As a merchant, I could use this response to adjust my NT gateway strategy or alert Spreedly of an issue.

Request

"attempt_network_token": true

Response

{
  "transaction": {
    "created_at": "2018-11-07T15:01:46Z",
    "updated_at": "2018-11-07T15:01:46Z",
    "succeeded": true,
    ...
    "network_tokenization": {
      "attempted": false,
      "errors": [{
        "key": "no_gateway_support",
        "message": "Network Tokenization service not supported on requested gateway."
      }]
    }
  }
}


5. Merchant attempts to use NT, but NT is deactivated because the bank account is deactivated. PAN transaction fails because bank account is closed.

As a merchant, I could use this response to trigger a ‘save’ program for the payment, that could notify the user to adjust their card details since neither the token or PAN worked.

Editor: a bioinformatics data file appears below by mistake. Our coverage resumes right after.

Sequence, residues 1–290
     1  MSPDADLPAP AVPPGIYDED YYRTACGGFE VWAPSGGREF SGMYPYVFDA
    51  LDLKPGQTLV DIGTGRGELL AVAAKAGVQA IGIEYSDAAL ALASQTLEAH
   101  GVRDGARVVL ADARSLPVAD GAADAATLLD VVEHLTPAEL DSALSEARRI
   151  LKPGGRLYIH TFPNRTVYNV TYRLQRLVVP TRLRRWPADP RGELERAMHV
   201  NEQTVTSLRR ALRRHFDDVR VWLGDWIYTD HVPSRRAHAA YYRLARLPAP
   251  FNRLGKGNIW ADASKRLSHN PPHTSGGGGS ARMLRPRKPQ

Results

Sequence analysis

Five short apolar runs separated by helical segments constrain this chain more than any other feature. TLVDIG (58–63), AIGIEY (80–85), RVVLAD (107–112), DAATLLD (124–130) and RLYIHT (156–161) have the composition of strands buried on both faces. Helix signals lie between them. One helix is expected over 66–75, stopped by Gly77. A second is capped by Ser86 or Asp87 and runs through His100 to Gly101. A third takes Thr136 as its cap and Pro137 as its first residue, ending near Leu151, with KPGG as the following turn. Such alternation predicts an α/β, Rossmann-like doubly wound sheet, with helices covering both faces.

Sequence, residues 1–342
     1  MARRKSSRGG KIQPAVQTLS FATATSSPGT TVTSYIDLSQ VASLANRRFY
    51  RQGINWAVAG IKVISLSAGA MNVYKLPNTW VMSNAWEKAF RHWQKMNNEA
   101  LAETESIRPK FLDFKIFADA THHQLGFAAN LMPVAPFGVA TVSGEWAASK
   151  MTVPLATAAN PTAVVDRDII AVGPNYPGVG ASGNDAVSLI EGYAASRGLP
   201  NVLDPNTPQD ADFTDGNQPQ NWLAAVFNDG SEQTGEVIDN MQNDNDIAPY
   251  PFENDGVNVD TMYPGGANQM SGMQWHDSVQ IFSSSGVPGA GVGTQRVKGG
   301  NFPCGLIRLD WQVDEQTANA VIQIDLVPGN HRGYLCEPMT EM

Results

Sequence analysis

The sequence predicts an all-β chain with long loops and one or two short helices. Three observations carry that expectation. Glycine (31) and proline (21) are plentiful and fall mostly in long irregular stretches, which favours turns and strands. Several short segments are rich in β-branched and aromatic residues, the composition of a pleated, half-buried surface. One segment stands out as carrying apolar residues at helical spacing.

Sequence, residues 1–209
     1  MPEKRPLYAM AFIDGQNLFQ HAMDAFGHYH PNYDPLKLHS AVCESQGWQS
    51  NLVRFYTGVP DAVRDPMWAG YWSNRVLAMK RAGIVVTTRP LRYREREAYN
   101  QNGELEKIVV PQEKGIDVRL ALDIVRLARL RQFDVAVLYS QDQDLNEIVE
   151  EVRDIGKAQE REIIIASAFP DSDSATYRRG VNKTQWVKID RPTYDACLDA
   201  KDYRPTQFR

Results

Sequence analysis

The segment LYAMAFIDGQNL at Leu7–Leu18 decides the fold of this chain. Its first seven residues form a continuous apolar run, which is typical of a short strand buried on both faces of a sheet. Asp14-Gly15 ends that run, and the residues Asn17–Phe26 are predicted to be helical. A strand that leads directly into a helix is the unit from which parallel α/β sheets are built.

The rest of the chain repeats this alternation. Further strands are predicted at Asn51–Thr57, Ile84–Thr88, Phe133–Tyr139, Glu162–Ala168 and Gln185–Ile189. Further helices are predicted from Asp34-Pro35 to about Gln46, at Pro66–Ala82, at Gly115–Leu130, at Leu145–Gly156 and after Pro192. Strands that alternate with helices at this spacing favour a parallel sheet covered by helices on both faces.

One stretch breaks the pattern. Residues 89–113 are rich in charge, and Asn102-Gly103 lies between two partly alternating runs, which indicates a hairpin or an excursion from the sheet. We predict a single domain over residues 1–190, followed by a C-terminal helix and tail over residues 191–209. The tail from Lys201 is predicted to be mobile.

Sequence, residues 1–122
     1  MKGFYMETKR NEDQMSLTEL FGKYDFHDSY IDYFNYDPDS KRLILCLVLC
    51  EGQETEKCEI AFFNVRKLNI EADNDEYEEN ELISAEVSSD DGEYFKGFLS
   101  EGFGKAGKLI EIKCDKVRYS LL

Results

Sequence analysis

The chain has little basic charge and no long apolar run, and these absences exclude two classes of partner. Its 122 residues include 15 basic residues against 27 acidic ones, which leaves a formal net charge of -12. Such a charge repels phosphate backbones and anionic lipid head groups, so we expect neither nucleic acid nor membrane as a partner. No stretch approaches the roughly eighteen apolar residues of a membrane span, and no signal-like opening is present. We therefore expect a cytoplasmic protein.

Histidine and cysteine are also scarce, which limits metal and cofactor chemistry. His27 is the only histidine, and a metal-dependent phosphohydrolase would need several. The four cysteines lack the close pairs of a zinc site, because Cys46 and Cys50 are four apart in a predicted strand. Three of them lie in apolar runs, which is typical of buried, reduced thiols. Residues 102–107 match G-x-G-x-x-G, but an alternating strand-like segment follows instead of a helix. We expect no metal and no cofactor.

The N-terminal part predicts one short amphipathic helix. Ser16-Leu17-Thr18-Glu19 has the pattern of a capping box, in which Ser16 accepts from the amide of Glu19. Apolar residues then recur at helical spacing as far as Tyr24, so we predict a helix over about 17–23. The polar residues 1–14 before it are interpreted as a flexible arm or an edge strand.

Request

"attempt_network_token": true

Response

{
  "transaction": {
    "created_at": "2018-11-07T15:01:46Z",
    "updated_at": "2018-11-07T15:01:46Z",
    "succeeded": false,
    ...
    "network_tokenization": {
      "attempted": false,
      "errors": [{
        "key": "token_not_active",
        "message": "Network Token for requested Payment Method is not currently active to use in transactions."
      }]
    }
  }
}


6. Merchant attempts to use NT, but run into an NT error fetching the cryptogram, so PAN is used.

As a merchant, I could use this response to understand if there were unexpected errors with using network tokens.

Request

"attempt_network_token": true

Response

{
  "transaction": {
      "created_at": "2018-11-07T15:01:46Z",
      "updated_at": "2018-11-07T15:01:46Z",
      "succeeded": true,
      ...
      "network_tokenization": {
        "attempted": false,
        "errors": [{
          "key": "cryptogram_error",
          "message": "Cryptogram could not be successfully retrieved for Network Token."
        }]
      }
    }
}